On the heels of this, an older guy came into the dorm, maybe 22, 23, and the party instantly got a little quieter. The guy came over to me and asked me my name, which I told him, and then asked me what dorm I was in. I'm beginning to think this is a little odd. I tell him I'm not in a dorm and I'm here just visiting some friends. He tells me that he's the RA and that there had been a noise complaint. I laughed and offered him a beer. I didn't realize, coming from the College of Charleston, that he was serious. And that's how I got kicked off the Belmont Abbey campus. So, with this in mind I figured, hey, why not Belmont?


Virginia still crying, I pull off the interstate and into a Hardee's. What I failed to realize in my short time there is that Belmont is still very rural. And this Hardee's—being one of the few places to eat—was packed with people. I pull into the parking lot to change my daughter's diaper and feed her, and notice people are giving me all sorts of weird looks. I decide that it is in my best interest to get out of the car and go inside and for a cup of coffee. Luckily, this seemed to alleviate the fears of either my imagination or the natives', as they stopped looking at me like I had kidnapped a child.  


Back on the road, we make it to my parent's house in Fort Mill, S.C. When I moved away from Charlotte in 1998, this area was in the middle of nowhere. I had been out here once as a kid to take part of the area's Little League All Star Game. When I was in high school the Ballantyne area was starting to be developed, but we used it mostly for 4-wheeling.  


My parents house is in a 55 years old and older community. And while my mother is happy to be there around all of her friends from when they initially lived in Charlotte, my dad hasn't quite figured out what to do with himself in retirement. My mom keeps suggesting all these clubs for my dad to join, but most of the clubs sound like the type of thing my dad would hate. For example, my mom will say, "Mike, why don't you join the bike club?!"  My dad's ears will twitch and he'll perk up and say "IS IT A MOTORCYCLE GANG!?!?"  And then my mother will shoot death-rays from her eyes at him.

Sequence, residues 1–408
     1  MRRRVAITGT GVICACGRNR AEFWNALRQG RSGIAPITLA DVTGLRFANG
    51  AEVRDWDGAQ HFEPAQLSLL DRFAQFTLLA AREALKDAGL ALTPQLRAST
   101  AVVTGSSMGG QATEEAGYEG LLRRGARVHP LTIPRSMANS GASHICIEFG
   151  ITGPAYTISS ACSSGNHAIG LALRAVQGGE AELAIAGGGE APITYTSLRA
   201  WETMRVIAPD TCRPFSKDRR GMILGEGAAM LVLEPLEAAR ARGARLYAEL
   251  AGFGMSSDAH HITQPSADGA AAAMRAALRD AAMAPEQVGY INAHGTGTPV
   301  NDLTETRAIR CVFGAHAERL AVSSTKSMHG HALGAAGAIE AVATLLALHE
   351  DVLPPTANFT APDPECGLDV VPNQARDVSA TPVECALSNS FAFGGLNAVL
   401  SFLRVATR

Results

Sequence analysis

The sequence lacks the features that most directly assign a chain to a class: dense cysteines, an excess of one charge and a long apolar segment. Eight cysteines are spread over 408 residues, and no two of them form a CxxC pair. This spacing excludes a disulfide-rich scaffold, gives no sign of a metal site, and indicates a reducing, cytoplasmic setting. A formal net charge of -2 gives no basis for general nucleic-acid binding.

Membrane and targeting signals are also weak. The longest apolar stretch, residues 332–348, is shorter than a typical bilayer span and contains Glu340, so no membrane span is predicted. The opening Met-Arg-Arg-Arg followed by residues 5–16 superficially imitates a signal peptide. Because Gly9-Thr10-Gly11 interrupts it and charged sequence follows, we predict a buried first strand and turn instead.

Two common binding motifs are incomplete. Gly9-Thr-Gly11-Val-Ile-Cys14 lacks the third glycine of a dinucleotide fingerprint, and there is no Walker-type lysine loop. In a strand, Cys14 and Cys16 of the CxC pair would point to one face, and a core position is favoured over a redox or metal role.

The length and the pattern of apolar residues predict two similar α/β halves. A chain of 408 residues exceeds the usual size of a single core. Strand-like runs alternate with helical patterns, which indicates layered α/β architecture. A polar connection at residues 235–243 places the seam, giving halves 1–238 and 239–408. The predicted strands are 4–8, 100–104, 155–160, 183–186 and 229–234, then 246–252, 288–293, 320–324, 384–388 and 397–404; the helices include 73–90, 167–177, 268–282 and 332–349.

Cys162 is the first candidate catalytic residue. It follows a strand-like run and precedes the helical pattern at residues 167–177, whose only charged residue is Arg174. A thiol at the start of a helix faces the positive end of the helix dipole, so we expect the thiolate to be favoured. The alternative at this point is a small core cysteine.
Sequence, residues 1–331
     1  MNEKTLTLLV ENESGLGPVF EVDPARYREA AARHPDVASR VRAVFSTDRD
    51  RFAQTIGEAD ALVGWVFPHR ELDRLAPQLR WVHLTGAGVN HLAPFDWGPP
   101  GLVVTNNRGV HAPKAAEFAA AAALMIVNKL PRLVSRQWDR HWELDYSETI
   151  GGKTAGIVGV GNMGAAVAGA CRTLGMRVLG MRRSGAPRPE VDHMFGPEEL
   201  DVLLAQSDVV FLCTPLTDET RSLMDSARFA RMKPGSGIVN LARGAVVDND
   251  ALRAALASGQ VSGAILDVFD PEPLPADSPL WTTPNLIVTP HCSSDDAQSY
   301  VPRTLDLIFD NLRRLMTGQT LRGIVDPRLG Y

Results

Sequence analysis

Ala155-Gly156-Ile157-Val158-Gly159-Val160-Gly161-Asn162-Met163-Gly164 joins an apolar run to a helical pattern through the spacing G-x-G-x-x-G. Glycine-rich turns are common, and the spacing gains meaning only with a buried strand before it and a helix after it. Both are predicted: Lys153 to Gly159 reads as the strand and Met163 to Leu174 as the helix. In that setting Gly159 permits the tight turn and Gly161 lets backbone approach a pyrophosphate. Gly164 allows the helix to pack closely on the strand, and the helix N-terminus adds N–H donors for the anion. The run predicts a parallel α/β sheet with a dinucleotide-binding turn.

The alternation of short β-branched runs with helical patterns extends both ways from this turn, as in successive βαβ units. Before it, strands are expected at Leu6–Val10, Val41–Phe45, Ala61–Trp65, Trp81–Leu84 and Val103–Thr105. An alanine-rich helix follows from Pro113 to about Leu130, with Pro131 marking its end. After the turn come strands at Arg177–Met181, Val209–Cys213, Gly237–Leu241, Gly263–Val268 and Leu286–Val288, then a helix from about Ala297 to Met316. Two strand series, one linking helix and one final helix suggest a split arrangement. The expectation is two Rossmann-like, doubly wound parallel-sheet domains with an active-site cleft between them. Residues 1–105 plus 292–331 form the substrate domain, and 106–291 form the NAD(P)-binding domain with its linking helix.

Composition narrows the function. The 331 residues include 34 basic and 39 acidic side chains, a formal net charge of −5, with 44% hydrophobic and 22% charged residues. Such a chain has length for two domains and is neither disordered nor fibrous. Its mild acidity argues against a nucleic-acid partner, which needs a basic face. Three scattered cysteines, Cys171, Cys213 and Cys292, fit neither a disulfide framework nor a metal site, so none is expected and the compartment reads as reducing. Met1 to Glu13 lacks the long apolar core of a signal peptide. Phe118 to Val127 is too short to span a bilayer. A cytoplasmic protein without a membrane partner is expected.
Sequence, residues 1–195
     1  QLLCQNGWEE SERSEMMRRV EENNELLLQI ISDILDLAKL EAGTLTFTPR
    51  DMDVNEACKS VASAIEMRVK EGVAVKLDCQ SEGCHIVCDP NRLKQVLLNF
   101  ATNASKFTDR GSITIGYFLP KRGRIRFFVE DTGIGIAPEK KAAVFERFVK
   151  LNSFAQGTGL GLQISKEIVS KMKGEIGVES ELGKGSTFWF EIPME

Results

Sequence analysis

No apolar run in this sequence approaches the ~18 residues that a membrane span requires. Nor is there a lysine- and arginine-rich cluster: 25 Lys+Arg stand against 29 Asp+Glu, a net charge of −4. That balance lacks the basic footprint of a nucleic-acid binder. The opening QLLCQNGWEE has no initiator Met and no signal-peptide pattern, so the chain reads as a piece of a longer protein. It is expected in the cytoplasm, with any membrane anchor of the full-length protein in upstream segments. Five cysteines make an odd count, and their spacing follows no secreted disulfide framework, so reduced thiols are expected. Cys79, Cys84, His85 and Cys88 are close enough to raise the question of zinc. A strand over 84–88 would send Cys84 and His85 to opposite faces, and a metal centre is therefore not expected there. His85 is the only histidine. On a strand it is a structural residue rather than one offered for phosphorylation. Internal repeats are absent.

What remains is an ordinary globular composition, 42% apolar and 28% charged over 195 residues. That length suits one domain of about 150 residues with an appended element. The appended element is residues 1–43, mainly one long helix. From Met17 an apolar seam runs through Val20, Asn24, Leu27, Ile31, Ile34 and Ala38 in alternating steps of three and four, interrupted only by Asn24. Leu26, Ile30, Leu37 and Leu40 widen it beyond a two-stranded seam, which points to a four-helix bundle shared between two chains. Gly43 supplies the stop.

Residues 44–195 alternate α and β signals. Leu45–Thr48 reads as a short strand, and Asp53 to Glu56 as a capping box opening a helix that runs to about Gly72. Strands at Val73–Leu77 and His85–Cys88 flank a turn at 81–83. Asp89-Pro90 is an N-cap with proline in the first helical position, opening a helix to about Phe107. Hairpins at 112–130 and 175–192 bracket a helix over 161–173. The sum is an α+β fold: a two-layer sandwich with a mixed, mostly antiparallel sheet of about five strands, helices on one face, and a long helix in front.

The other problem is the fact that my parents built a brand new house there, giving my father no projects around the house to fix. My father worked as a civil engineer for 40 years and now has nothing to fix—so he's driving my mother insane.  


Virginia and I arrive and the house is lovely, but still needs unpacking. My parents are really happy to see Virginia and take turns holding her. My mom is fitting into her role as Grandma nicely, stocking the house with a bunch of toys for all the grand babies play with. One of my older sisters had been there the week prior and had dropped off a bag of clothing for my daughter as well. This presented another problem, namely, where the hell am I going to put this bag of stuff in the car? After the initial greetings, my parents took us out for lunch where I met up with an old friend who had made my daughter a needlepoint.  


After lunch, we made the drive back to Greenville in order to pick my wife up from work. Basically, I drove 4 hours out of my way so that my parents could see my kid for all of 3 hours. Still, it was totally worth it. I love my parents and am happy that Virginia will have such amazing grandparents.